Logistics is a booming industry that is truly helping to shape the world, especially refrigerated transportation. With an ever-increasing demand for food (which has varying levels of perishability), along with a plethora of other delicate items, concern over food safety and the obvious demand for fragile and lifesaving vaccinations, refrigerated transportation has a growing impact on our everyday lives.
It has recently been reported that the UK is suffering a 100,000-lorry driver shortage. Because of this it’s rumoured the Army is on standby to re-stock Britain’s shelves amid truck driver shortages.
The haulage industry says it is struggling to find enough heavy goods vehicle (HGV) drivers to keep the economy moving. Some of the reported reasons for the shortage in drivers is due a combination of COVID-19 infections, the so called ‘pingdemic’, Brexit, rising logistics prices and an ageing workforce (the average age of a truck driver is 55 years old) and many other factors.
Adapting to our times
Turbulent times have meant many logistics businesses have had to adapt to a number of challenges in 2021, whilst also considering their future operations. With some companies having to spend thousands of pounds for lorries that are idly on standby every day, company directors and bosses are even having to drive deliveries to cover the shortages and cut the losses.
The logistics sector has experienced a significant shortage of drivers for a number of years now from However, this situation has been exacerbated more recently.
In years gone by, a lot of businesses in the sector could tap into a steady supply of drivers from Europe (estimated at 15,000). As the strain of Brexit took hold and new immigration rules started to emerge, EU workers were discouraged from working in the UK. Add to this the COVID-19 pandemic travel restrictions, European drivers who had been working in the UK have found they can work safely elsewhere in Europe for the same or even better pay.
Meanwhile, in the UK the pandemic has resulted in the loss of approximately 12 months of driver training and testing. In an effort to ease the problematic situation, the Department for Transport, as we know, brought in relaxed rules with regards to retained EU drivers’ hours and has allowed HGV drivers to increase their daily driving limits from nine to ten hours, or change weekly rest patterns. This has subsequently now been extended until 3rd October and will be subject to further extension reviews depending on whether the situation improves.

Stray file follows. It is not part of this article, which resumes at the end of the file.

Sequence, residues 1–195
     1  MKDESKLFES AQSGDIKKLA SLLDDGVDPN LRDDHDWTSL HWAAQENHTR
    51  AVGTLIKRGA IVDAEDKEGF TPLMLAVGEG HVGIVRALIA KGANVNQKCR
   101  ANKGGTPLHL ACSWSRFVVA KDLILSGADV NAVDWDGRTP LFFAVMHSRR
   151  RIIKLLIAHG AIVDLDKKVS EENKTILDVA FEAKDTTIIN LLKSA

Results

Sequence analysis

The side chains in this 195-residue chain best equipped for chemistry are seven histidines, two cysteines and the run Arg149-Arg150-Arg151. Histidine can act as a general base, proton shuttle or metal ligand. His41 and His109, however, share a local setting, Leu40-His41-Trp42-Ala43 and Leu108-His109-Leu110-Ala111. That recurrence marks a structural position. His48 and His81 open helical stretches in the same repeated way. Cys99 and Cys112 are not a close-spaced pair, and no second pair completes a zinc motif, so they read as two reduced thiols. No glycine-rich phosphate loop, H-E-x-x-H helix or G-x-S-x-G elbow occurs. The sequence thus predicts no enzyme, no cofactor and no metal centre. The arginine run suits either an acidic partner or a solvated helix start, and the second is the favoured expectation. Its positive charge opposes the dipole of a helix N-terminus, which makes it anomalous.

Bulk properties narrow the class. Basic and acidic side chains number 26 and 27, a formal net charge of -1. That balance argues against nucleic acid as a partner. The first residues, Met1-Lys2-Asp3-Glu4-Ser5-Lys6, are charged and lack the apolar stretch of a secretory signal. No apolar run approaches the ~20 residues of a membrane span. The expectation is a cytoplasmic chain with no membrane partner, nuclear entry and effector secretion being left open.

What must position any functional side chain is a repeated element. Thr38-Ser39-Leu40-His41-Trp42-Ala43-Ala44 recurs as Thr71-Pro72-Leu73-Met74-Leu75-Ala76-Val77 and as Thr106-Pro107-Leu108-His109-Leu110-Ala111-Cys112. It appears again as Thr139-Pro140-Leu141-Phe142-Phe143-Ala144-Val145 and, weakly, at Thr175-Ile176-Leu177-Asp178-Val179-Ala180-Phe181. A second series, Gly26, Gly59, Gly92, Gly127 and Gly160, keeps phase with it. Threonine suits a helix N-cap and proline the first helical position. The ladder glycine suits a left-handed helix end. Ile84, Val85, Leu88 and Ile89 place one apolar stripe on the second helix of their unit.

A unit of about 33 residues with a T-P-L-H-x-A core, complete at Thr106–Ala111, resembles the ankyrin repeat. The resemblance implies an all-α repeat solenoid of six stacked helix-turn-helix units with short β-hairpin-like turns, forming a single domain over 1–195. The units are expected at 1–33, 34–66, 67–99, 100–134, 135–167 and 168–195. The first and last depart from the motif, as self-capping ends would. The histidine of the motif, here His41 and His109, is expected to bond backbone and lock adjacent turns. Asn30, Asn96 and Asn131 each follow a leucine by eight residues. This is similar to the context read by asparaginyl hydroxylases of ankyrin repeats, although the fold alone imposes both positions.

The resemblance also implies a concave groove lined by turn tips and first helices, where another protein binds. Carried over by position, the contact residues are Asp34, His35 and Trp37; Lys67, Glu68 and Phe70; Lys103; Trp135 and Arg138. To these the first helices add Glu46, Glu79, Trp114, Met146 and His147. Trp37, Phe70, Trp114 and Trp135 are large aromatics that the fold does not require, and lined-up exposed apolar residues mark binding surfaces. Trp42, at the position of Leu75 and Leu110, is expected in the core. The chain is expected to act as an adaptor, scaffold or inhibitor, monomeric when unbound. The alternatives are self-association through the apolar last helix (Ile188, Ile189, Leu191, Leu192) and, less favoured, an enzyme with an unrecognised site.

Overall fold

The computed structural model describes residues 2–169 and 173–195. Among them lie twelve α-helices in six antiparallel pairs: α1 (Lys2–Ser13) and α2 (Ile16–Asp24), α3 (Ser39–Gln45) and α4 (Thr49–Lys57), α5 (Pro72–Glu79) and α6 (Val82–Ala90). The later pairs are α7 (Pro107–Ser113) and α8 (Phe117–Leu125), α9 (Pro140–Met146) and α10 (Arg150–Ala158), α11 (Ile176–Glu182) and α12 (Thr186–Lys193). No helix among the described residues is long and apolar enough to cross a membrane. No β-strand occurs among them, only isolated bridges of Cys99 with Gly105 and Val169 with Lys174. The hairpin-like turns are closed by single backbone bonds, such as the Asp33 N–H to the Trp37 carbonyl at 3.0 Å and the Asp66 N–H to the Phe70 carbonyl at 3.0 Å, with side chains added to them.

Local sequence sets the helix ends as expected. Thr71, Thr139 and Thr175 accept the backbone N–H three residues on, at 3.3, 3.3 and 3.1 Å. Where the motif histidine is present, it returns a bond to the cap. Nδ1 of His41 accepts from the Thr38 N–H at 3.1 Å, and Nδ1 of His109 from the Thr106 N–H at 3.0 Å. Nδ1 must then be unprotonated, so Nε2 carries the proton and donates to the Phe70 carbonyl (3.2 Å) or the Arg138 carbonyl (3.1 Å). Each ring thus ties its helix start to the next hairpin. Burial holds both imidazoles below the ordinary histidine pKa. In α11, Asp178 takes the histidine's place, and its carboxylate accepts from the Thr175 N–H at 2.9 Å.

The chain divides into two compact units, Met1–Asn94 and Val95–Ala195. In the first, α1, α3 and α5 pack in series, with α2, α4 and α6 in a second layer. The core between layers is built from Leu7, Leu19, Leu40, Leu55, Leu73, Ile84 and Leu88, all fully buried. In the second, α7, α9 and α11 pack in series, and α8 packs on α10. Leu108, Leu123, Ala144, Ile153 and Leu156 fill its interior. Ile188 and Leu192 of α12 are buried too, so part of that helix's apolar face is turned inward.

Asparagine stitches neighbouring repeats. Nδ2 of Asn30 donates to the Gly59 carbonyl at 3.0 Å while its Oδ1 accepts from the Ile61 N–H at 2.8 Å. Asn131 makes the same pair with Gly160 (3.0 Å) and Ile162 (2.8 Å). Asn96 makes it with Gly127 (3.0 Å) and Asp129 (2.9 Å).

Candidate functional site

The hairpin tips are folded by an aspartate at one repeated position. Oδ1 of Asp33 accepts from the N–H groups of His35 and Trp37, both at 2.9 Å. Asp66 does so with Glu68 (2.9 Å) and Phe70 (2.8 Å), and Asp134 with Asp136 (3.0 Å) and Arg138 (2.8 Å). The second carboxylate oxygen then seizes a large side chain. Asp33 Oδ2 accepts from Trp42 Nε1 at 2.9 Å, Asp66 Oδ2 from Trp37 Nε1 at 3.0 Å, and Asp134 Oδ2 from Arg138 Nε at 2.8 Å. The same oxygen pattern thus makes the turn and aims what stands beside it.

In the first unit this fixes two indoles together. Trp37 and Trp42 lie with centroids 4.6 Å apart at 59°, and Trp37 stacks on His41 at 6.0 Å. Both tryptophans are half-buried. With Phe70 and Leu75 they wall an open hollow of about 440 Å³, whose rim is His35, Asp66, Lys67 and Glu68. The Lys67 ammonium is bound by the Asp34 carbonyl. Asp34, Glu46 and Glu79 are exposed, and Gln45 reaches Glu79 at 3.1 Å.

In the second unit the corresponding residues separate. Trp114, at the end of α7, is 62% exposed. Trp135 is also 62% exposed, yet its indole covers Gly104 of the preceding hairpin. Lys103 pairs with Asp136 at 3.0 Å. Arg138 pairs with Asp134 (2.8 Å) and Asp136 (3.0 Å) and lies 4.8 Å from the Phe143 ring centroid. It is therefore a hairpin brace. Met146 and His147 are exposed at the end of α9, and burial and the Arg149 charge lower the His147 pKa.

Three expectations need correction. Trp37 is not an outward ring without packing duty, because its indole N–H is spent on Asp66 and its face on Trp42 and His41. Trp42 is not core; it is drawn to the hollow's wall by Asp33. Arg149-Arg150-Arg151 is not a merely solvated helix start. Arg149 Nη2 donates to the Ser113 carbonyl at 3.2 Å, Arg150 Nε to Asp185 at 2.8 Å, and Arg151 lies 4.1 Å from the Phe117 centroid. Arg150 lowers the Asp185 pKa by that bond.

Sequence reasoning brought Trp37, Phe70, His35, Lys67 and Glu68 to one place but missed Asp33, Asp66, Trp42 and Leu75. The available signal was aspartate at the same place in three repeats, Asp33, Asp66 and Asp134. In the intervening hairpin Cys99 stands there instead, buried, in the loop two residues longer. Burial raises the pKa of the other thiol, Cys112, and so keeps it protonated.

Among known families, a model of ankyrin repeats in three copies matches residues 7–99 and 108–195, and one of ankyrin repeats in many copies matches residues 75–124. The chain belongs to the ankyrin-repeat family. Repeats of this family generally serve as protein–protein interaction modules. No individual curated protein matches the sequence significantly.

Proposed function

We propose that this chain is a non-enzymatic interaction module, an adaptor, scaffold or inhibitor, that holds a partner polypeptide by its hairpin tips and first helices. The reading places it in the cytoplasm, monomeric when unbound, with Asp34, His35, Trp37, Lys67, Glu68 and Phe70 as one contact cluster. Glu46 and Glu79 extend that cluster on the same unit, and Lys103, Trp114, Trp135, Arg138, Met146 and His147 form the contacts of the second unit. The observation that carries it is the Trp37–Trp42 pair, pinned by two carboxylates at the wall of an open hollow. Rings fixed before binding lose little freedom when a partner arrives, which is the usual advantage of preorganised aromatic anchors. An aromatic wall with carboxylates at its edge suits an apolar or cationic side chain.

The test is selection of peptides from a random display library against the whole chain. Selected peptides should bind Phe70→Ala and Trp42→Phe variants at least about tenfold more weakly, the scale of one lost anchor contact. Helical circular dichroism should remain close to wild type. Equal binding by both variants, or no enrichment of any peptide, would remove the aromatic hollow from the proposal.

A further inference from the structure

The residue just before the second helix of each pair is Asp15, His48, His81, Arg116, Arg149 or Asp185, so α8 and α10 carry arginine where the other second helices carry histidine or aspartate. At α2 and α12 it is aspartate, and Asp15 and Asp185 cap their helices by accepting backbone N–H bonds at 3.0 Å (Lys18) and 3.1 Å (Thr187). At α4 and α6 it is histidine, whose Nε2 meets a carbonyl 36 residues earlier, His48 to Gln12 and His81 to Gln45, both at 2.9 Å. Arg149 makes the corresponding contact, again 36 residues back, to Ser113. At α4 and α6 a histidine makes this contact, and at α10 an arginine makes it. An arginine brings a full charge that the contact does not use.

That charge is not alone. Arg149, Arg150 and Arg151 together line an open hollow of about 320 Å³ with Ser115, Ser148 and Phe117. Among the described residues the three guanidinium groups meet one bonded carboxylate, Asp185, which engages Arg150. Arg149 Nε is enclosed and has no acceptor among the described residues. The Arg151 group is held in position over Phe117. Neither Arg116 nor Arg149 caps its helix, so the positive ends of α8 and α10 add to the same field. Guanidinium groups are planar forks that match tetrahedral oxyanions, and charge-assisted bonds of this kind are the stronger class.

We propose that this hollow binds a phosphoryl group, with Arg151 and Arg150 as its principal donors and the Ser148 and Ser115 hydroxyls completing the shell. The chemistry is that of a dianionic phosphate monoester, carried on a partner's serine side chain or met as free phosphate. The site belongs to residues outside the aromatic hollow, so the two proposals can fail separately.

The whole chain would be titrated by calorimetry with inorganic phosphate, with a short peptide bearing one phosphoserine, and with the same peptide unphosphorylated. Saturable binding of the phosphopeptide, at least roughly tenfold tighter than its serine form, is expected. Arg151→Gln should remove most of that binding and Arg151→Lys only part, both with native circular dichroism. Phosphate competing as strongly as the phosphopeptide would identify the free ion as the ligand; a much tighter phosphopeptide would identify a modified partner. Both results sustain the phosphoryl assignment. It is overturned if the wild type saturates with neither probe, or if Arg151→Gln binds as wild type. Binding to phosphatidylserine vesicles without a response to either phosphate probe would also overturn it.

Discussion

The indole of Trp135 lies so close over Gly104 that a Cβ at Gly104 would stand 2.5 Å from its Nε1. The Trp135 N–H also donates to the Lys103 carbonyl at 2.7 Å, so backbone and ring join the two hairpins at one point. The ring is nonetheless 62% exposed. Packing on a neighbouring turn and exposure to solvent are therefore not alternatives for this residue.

Steady as she goes…
Despite the wider market difficulties, at Courier Express we are not experiencing the same issues. We continue to meet all our deliveries and exceed customer expectations. At the time of writing we have not had to deal with any driver shortages.
From our drivers right through to our office-based teams we ensure every member of the Courier Express family is not only highly skilled and regularly trained, but also kept safe from any health risks such as the COVID-19 virus. It’s why, we believe, we have been able to continue to operate at 100% capacity with no driver shortages. We remain grateful and thankful to have such a hardworking dedicated team.
With tightened safety compliance requirements throughout, the use of refrigerated transport logistics has become an integral part in complying with these regulations. Operating at optimal safety levels while maintaining our usual high standards, means our customers can remain reassured that we are 100% compliant with all regulations, while receiving all the benefits that come with an award-winning supplier, including value for money, a high regard for timely deliveries and of course reliability every time.
Courier Express Refrigerated Transport Ltd
Frozen Courier Service | Frozen Delivery Service | Temperature Controlled Courier | Chilled Courier Services
Road Haulage Membership No: 19052 | Company Registration No: 5709935 | VAT No: 816 1486 30
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